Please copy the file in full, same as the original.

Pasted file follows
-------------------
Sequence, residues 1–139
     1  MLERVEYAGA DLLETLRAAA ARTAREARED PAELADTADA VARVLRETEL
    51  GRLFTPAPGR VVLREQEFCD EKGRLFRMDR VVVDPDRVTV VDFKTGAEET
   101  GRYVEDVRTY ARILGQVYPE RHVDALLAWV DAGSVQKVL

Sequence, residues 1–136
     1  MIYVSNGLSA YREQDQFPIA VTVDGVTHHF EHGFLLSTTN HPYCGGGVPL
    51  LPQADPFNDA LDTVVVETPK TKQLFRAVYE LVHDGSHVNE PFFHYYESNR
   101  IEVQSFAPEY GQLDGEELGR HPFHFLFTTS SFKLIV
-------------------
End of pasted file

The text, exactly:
Sequence, residues 1–139
     1  MLERVEYAGA DLLETLRAAA ARTAREARED PAELADTADA VARVLRETEL
    51  GRLFTPAPGR VVLREQEFCD EKGRLFRMDR VVVDPDRVTV VDFKTGAEET
   101  GRYVEDVRTY ARILGQVYPE RHVDALLAWV DAGSVQKVL

Sequence, residues 1–136
     1  MIYVSNGLSA YREQDQFPIA VTVDGVTHHF EHGFLLSTTN HPYCGGGVPL
    51  LPQADPFNDA LDTVVVETPK TKQLFRAVYE LVHDGSHVNE PFFHYYESNR
   101  IEVQSFAPEY GQLDGEELGR HPFHFLFTTS SFKLIV